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TNTP Re-imagine Teaching
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Shira Fishman teaches math at McKinley Technology High School in DC Public Schools. She began her teaching career in 2004 through DC Teaching Fellows, after working as a mechanical engineer. TNTP’s Fishman Prize for Superlative Classroom Practice, which honors excellent teachers in high-poverty public schools, is named for Shira.

Does anyone else feel like Teacher Appreciation Week can leave us a bit hollow? Our annual moment for loving teachers is wonderful when it’s here—because who doesn’t love being told ‘thank you’ and getting to eat cupcakes baked by your students, guilt-free? But then it’s gone.  

Don’t get me wrong—I am extremely grateful for the appreciation shown to me and my colleagues. I revel in it. But when I think of the appreciation I crave most, it’s not gratitude for my work. It’s appreciation of teaching as a profession: the depth of the craft, the subtle ways we ignite student passion, and the beauty of the work when it is done skillfully. 

My relationship to teacher appreciation changed a few years ago when TNTP named an award for me: the Fishman Prize. As someone who thinks of herself as a typical classroom teacher, it was a very strange experience. Frankly, it’s taken some getting used to. 

But I’ve learned quite a bit through my association with the award these past few years. Above all, I have learned from the incredible candidates who advance through the stages of the review process annually, which I’m honored to take part in as a judge.  

Last weekend was one of the highlights of my year. The 10 finalists came together in New York for interviews, and it was unbelievably inspiring. These teachers come from different school districts and charter schools across the United States, teaching different subjects to different age groups, but they have one thing in common: They are phenomenal educators who are making an immeasurable difference in the lives of the children they teach—and they have much to teach the rest of us about what great instruction looks like, too. They say you can’t teach an old dog new tricks, but this ‘old dog’ of a teacher came back from Brooklyn armed with new ‘tricks’ I picked up from these amazing teachers.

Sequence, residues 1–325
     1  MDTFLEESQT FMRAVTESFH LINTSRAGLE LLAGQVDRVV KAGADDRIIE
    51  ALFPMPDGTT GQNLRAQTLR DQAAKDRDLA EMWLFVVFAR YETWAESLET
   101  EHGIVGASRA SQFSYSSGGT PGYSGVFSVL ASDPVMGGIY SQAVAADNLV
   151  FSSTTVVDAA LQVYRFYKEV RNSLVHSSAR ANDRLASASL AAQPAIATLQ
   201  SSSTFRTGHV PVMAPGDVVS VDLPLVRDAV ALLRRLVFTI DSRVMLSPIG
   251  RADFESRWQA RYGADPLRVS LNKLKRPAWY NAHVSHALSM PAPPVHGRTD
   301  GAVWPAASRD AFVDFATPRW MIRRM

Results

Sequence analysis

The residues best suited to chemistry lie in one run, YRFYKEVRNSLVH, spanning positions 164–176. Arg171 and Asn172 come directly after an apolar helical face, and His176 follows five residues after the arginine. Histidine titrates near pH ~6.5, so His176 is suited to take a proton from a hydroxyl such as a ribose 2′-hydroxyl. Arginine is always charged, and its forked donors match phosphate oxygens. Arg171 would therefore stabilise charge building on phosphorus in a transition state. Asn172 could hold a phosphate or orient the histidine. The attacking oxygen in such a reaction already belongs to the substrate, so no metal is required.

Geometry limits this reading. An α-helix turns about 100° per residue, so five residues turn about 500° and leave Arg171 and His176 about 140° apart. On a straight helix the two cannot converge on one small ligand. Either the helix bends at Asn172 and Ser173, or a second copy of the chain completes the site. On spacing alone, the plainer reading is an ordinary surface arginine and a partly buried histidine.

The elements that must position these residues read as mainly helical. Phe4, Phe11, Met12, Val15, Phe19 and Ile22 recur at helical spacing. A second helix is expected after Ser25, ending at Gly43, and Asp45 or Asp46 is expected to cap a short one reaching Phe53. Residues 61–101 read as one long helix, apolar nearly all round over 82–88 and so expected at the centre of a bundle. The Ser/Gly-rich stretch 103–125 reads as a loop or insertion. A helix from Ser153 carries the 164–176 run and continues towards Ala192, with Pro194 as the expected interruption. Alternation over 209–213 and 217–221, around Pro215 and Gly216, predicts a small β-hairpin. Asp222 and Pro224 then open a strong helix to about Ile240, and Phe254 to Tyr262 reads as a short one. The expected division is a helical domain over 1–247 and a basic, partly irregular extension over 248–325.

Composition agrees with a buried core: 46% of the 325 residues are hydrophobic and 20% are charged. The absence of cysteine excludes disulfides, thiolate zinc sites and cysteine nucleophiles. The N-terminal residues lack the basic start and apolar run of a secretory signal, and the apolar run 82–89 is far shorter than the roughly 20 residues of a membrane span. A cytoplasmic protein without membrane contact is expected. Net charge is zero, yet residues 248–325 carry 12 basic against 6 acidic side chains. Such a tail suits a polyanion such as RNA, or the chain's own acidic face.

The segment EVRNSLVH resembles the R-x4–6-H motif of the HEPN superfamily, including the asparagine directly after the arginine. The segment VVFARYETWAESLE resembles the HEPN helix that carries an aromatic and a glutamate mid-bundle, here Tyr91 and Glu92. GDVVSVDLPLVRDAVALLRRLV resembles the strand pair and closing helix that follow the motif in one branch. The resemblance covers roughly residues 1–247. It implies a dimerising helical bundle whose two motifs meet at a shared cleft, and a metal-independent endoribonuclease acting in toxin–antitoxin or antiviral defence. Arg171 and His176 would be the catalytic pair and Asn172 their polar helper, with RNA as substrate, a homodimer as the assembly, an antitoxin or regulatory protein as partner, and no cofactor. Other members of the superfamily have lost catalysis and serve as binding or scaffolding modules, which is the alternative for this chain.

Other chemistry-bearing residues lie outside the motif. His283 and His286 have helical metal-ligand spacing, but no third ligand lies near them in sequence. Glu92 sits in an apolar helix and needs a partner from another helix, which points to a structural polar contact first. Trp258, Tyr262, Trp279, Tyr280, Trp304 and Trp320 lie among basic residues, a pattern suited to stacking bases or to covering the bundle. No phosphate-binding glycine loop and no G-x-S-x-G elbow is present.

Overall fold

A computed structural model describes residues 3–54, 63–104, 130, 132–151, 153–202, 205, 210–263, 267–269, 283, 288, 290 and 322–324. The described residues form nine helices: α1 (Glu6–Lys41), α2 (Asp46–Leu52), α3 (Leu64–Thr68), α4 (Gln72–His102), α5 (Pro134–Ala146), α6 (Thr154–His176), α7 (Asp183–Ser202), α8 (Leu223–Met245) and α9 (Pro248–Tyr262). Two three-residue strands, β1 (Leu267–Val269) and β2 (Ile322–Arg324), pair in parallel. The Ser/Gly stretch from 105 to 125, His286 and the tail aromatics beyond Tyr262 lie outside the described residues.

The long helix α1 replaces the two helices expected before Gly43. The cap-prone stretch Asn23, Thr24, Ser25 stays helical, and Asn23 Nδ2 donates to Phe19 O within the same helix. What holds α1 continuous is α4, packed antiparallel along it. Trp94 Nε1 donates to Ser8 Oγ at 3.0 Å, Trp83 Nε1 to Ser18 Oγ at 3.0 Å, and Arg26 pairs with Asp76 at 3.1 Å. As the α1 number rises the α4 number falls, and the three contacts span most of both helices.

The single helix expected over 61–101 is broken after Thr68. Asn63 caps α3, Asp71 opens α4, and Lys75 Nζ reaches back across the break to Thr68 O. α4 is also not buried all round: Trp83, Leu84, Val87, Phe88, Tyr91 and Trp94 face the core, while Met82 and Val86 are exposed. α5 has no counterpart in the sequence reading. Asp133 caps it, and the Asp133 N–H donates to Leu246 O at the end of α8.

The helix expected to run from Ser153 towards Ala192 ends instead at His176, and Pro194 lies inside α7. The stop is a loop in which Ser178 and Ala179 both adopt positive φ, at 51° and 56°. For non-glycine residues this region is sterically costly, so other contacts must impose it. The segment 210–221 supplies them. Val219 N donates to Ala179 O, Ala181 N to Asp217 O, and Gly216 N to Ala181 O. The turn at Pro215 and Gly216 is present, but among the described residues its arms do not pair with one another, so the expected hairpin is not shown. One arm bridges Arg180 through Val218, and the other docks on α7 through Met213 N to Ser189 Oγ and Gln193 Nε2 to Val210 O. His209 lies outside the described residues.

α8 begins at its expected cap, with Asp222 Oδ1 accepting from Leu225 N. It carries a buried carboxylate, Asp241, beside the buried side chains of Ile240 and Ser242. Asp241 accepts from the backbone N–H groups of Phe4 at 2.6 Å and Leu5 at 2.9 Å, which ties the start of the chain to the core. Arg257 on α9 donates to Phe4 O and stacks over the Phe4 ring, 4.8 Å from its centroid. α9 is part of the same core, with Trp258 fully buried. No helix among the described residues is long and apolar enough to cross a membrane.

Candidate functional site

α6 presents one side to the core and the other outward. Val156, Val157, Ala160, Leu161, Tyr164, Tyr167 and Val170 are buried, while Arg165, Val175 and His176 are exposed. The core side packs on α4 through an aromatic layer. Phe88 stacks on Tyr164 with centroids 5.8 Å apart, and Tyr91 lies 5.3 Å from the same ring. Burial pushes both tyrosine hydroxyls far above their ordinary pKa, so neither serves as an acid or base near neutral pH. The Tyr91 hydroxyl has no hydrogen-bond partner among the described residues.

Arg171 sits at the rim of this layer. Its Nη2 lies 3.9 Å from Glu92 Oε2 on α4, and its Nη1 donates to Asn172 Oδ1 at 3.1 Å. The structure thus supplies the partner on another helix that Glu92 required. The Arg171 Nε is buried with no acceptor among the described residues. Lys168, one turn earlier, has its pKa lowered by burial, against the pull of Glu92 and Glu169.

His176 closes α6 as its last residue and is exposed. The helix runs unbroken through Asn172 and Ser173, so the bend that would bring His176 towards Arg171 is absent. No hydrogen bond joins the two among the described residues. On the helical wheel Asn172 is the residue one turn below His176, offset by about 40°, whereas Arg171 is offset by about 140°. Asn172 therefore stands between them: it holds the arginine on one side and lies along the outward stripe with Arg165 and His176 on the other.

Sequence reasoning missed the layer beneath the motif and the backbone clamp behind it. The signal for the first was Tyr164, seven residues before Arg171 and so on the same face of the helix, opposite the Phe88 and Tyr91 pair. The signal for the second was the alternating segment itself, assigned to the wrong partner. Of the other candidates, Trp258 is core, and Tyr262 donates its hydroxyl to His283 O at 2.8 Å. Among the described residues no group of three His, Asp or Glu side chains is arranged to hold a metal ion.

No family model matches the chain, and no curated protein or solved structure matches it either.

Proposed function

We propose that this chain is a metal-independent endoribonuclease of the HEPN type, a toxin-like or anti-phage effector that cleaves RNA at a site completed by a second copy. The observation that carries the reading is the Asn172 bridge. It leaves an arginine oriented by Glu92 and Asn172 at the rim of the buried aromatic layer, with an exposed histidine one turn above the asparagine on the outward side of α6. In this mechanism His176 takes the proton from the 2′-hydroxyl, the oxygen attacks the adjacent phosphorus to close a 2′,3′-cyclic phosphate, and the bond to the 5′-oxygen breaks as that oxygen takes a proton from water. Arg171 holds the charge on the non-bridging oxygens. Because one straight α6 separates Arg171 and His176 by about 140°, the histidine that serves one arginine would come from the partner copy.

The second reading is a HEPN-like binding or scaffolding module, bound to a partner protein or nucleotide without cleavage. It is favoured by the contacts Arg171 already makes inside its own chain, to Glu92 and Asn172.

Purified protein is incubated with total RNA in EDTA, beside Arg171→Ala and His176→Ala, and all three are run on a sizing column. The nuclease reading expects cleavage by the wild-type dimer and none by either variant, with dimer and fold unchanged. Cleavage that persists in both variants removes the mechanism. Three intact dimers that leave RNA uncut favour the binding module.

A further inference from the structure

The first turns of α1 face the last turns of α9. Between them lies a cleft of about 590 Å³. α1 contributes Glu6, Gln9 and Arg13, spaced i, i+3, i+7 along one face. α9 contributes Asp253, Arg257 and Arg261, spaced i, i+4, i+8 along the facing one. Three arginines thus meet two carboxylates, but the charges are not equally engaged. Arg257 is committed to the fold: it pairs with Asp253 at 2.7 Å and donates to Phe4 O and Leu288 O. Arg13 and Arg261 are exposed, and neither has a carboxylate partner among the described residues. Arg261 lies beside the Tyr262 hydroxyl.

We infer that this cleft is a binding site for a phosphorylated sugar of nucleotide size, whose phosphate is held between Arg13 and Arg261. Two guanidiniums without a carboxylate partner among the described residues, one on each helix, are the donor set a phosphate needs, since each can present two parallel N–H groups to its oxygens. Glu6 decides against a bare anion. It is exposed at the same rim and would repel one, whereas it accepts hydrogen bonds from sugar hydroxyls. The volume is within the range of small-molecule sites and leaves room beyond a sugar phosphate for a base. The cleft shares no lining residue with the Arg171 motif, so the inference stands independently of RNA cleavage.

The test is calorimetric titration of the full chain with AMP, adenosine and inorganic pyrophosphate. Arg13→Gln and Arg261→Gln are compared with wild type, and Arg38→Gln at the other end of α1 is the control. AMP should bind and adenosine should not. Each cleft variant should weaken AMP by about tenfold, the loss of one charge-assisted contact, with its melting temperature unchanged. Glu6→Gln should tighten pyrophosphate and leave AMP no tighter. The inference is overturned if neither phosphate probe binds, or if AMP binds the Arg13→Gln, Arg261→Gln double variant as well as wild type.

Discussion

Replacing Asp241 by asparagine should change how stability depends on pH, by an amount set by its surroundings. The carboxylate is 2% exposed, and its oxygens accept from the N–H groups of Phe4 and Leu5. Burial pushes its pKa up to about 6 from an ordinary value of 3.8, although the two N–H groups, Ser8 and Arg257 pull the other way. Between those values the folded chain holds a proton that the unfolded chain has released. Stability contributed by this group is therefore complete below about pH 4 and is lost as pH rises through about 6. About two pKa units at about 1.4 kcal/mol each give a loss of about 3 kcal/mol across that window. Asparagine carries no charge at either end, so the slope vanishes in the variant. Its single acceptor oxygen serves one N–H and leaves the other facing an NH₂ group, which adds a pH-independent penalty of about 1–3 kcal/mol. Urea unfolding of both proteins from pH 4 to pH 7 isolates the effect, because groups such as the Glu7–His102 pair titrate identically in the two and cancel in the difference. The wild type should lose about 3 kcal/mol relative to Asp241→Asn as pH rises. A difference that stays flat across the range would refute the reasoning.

It seemed fitting that the finalists came together on the eve of Teacher Appreciation Week. Because now that the week of official appreciation is over, my hope is that true appreciation for the teaching profession becomes a year-round endeavor that focuses on leveraging our voices and expertise as educators to improve instruction across the country. When I see organizations, school districts and departments of education celebrating great teaching, listening to teachers and treating teachers as experts, I feel incredibly optimistic about the future. 

The Fishman Prize and other prestigious awards and fellowships for great teachers are going beyond the standard Teacher-of-the-Month fare. The winners of this year’s Fishman, who will be announced next week, will be awarded $25,000, and will come together to participate in a summer residency, where they’ll nerd out with each other over instructional practices and publish a collection of essays exploring the essential elements of their classroom practices. These essays offer an insider’s view of their classrooms, which serves a two-fold purpose: Other teachers can learn from these expert practitioners, and the public has a chance to see first-hand what’s possible when great teachers take the lead in even our most challenging classrooms. 

The Fishman Prize is far from the only opportunity for great teachers to be recognized and brought together for meaningful collaboration: The U.S. Department of Education created the Teaching Ambassador Fellowship to bring outstanding teachers to Washington and give their voice to the national dialogue about education policy. The Milken Educator Awards program rewards top educators around the country with $25,000 awards and provides an avenue for these educators to share resources, lessons and ideas. Those are just a few. Opportunities like these are telling teachers—and the public—that our work is worth much more than a pat on the back, and they offer great teachers platforms to engage with leading policymakers at the district, state and even federal levels. 

Recognizing great teaching like this, with the glitz and glamour of the Nobel Prizes (although not quite that much money…yet) does more than just make teachers feel warm and fuzzy: It puts us on the map. It elevates teachers as leaders not just in our classrooms but also in our field, and gives us a platform to have our voices heard. These opportunities are helping to turn what has long been viewed as a job into a true profession. 

So to the ten finalists for this year’s Fishman Prize—thank you. Thank you for being such phenomenal and inspirational educators who taught me so much in one weekend. To my colleagues, thank you for pushing me to become a stronger teacher every day. And to all of the teachers out there—those who are at the top of their game and those who are striving to improve every day—thank you for working tirelessly in this challenging profession to make such an impact on our children. You are appreciated this week, this month, and always.